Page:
Constant prolonged use requires the blades 27, 29 to be lubricated regularly. To increase the duration of lubricant between the blades, a layer of thin steel wiring 46 is placed between the blades 27, 29.
In operation, a fabric having fibers is passed along the outer blades 27 of the shearing machines 20, 22. Loose fibers are drawn between the teeth 33 of the blades 27, 29 and cut by the reciprocating blades. The cut fibers are drawn in the first end 39 of the tubing 37 and then into the vacuum means.
It is important to maintain an air seal between the blades 27, 29 of the shearing machines 20, 22 and the top and bottom sheet members 15, 19 of the housing 12. A tight air seal increases the suction provided by the first end 39 of the tubing 37 to draw fibers in between the teeth 33 of the blades 27, 29. A variety of sealing agents known in the art can be placed between the blades and the top and bottom sheet members of the housing. In the preferred embodiment, as shown in FIG. 4, a layer of rubber material 49 is placed between the top sheet member 15 and the shearing machines 20, 22, and a layer of substantially rigid plastic material 50 is placed between the bottom sheet member 19 and the shearing machines 20, 22.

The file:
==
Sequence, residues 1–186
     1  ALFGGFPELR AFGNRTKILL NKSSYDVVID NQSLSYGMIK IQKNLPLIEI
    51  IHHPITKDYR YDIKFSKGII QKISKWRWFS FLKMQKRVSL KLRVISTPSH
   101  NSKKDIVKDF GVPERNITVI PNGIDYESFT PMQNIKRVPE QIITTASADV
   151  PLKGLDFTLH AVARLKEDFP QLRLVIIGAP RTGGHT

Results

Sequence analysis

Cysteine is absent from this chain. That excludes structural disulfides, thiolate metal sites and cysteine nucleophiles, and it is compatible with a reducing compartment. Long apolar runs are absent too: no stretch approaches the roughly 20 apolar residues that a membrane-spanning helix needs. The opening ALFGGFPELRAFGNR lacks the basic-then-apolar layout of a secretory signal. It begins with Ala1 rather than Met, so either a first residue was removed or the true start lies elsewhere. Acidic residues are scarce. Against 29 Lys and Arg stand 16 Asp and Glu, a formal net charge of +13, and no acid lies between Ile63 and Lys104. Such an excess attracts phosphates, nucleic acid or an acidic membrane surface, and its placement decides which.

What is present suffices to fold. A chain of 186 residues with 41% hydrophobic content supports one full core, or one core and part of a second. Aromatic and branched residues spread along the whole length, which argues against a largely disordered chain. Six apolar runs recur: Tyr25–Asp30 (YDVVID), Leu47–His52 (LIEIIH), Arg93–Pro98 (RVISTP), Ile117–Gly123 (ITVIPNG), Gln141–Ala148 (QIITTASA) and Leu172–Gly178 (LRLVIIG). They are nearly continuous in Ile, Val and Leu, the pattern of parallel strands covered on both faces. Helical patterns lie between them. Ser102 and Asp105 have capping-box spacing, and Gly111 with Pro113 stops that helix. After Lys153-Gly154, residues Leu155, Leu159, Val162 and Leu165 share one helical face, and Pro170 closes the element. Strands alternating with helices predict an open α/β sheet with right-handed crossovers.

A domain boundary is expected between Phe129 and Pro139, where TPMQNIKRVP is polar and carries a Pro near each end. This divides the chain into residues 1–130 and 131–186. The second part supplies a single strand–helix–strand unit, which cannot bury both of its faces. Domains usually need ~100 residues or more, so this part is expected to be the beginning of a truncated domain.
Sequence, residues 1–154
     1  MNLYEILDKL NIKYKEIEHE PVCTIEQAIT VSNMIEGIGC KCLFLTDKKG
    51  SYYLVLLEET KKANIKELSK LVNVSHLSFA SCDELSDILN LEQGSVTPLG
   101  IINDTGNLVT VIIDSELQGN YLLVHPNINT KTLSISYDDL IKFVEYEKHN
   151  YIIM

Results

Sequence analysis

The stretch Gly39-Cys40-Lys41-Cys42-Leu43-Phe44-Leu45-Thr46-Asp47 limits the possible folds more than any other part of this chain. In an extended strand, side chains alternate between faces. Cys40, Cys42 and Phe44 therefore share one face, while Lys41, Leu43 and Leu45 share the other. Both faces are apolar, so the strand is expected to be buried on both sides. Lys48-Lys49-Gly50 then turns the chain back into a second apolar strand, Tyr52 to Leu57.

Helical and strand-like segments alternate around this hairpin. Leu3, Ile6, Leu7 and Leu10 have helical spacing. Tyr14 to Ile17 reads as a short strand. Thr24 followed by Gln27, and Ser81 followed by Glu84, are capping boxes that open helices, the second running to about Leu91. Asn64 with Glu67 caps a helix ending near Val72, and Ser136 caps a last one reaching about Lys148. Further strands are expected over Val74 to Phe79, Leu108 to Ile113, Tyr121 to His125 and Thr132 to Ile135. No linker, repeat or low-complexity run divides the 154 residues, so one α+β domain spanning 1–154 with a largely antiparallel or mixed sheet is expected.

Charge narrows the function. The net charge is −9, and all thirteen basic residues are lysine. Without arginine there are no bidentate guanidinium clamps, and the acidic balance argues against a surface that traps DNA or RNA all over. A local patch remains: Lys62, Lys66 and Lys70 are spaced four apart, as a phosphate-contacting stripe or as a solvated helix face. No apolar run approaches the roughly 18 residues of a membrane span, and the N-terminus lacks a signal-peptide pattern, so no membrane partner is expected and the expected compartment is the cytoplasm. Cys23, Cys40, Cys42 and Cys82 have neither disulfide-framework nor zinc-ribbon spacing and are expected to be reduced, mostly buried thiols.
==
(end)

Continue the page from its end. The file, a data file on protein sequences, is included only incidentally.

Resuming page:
Although the present invention has been described in considerable detail with reference to certain preferred versions thereof, other versions are possible by converting the aforementioned construction. Therefore, the scope of the invention shall not be limited by the specification specified above and the appended claims.
|Cited Patent||Filing date||Publication date||Applicant||Title|
|US238353 *||Mar 1, 1881||Hair-clipper|
|US2088162 *||Mar 16, 1936||Jul 27, 1937||Bigelow Sanford Carpet Co Inc||Cutting device|
|US2356378 *||Jul 27, 1943||Aug 22, 1944||Capolupo Vincent||Cutting device|
|US2360557 *||Jan 6, 1944||Oct 17, 1944||Freimark Leopold||Shearing machine|
|US2387579 *||Mar 11, 1943||Oct 23, 1945||A C Lawrence Leather Company||Shearing machine|
|US2513119 *||Mar 8, 1949||Jun 27, 1950||Textile Trimming & Boarding Ma||Mobile trimming apparatus|
|US2584620 *||Jan 5, 1951||Feb 5, 1952||Julius Rubin||Garment trimming machine|
|US2950530 *||Dec 2, 1957||Aug 30, 1960||Fox Donald L||Electric shaver with vacuum collector|
|US3279023 *||Mar 6, 1964||Oct 18, 1966||Zobel James W||Thread cutting apparatus|
|US5285558 *||Mar 19, 1992||Feb 15, 1994||Carder William E||Pile carpet beveler-trimmer apparatus|
|JP40206116A *||Title not available|
|JP40403406A *||Title not available|
|U.S. Classification||26/15.00R, 26/7|
|Sep 22, 2004||REMI||Maintenance fee reminder mailed|
|Mar 7, 2005||LAPS||Lapse for failure to pay maintenance fees|
|May 3, 2005||FP||Expired due to failure to pay maintenance fee|
Effective date: 20050306